The New York Civil Liberties Union today joined the National Institute for Reproductive Health, Planned Parenthood Empire State Acts and affected New Yorkers in a series of demonstrations at the New York State Capitol with the demand that Senate leadership immediately bring to a floor vote legislation protecting access to abortion and affordable contraception. Demonstrators called for the Comprehensive Contraception Coverage Act (S3668 Bonacic, A1378 Cahill) and the Reproductive Health Act (S2796 Krueger, A1748 Glick).
Signifying the absurdity of legislators making medical decisions for women, demonstrators marched to the Capitol building in hospital gowns. After arriving at the Capitol, they walked the halls distributing flyers and displaying signs that decried the State Senate and Majority Leader John Flanagan for effectively playing doctor. The groups and demonstrators then held a rally outside Senate Chambers expressing alarm at the gaps in state law and the threat to reproductive rights from Washington, and insisted that New York lead the nation on reproductive rights.
“For over four decades New York’s law has lagged behind Roe v. Wade, and the time has more than come to set things right,” said NYCLU Executive Director Donna Lieberman. “With the Trump administration posing the greatest threat to reproductive rights in recent memory, the State Senate can’t afford to kick women’s rights down the road any longer. The people of New York expect our leaders to stand for a strong, equal and open New York. We can’t be that state without the CCCA and RHA.”
The demonstrations warned that legislation is urgently needed in the face of President Trump’s agenda. The administration is focused on decimating the Affordable Care Act and regulations that guarantee contraception coverage. The president has expanded the Global Gag Rule and stated a desire to defund Planned Parenthood, see Roe reversed, and allow the legality of abortion to instead be decided by individual states.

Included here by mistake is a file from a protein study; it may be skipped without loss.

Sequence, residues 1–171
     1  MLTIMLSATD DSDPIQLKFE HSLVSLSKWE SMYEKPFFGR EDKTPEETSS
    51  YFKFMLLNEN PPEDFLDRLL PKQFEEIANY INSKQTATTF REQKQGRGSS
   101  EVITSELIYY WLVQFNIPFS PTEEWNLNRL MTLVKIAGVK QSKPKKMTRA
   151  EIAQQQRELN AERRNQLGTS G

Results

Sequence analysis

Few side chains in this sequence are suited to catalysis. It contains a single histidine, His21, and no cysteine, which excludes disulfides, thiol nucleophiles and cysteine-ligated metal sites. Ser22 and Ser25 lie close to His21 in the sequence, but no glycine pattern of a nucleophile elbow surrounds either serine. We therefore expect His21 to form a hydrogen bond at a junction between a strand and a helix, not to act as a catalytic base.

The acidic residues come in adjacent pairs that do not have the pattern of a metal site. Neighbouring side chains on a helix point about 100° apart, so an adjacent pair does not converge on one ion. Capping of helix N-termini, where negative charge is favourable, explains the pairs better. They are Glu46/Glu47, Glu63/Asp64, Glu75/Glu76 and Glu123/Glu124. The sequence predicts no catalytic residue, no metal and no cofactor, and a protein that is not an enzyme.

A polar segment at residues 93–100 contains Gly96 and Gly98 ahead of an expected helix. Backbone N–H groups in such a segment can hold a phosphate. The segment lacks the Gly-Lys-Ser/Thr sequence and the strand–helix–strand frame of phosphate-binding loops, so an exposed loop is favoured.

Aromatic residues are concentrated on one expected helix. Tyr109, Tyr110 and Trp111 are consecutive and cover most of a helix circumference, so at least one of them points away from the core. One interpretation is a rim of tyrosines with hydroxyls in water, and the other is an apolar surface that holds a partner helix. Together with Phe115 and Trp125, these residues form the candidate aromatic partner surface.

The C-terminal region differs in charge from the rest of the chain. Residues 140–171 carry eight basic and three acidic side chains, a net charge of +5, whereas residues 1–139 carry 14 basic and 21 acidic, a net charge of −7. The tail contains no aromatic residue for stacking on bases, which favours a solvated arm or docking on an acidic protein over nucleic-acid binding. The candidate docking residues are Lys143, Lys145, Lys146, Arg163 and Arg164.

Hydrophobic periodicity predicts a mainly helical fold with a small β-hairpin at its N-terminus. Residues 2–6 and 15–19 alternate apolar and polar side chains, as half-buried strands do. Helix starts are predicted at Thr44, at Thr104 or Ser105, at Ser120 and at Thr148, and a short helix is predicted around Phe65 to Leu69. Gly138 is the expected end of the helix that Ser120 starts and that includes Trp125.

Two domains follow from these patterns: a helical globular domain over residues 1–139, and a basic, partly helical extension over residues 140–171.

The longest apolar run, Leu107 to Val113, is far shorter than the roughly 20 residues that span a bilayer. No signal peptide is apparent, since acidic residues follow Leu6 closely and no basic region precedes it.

New York has a legacy of protecting women’s health and rights, but the state has lagged in recent years. New York was one of the first states to legalize abortion care in 1970, three years before the Roe decision. But it has not updated its abortion law since. Prior attempts to pass the RHA and CCCA in New York stalled while other states enacted similar legislation. Both bills now remain in senate committees.
"The federal government is trying, as we speak, to roll back birth control and abortion access, and yet the New York Senate leadership has still refused to act on the Reproductive Health Act and the Comprehensive Contraception Coverage Act," said Andrea Miller, president of the National Institute for Reproductive Health. "Their inaction sends a clear message: they think it's good medicine and good public policy to make women leave New York for the critical care they need, and that we shouldn't be able to manage our own birth control. They think they know better than medical experts and women themselves, and they couldn't be more wrong."
The CCCA requires insurers to cover contraception without a co-payment. Since contraception requires both access and consistency to be effective, the CCCA allows for a 12-month supply at a time. While emergency contraception already is available in pharmacies over the counter, the CCCA improves timely access by allowing insurance to cover it without an appointment with a health care provider. A number of states – California, Illinois, Maryland, Vermont and Virginia – already have strengthened the federal requirements of the Affordable Care Act through similar contraceptive equity bills.
The RHA codifies the protections of Roe v. Wade in state law. Acknowledging that abortion care is health care, it removes the regulation of abortion from the criminal code and places it in the public health law. In accordance with Roe, the RHA ends New York’s criminalization of abortion later in pregnancy when a woman’s health is at risk or when a fetus is not viable. The RHA also clarifies that trained and qualified advance practice clinicians, within their scope of practice, can provide early and safe abortion care.
"It's time for the Senate to act, no more excuses. The Comprehensive Contraception Coverage Act and the Reproductive Health Act ensure that essential reproductive health care is within reach for all New Yorkers," said Robin Chappelle Golston, President and CEO of Planned Parenthood New York State Acts. "As threats of federal rollbacks continue to imperil the progress we've made towards a healthier New York, we need the Senate to act now more than ever.”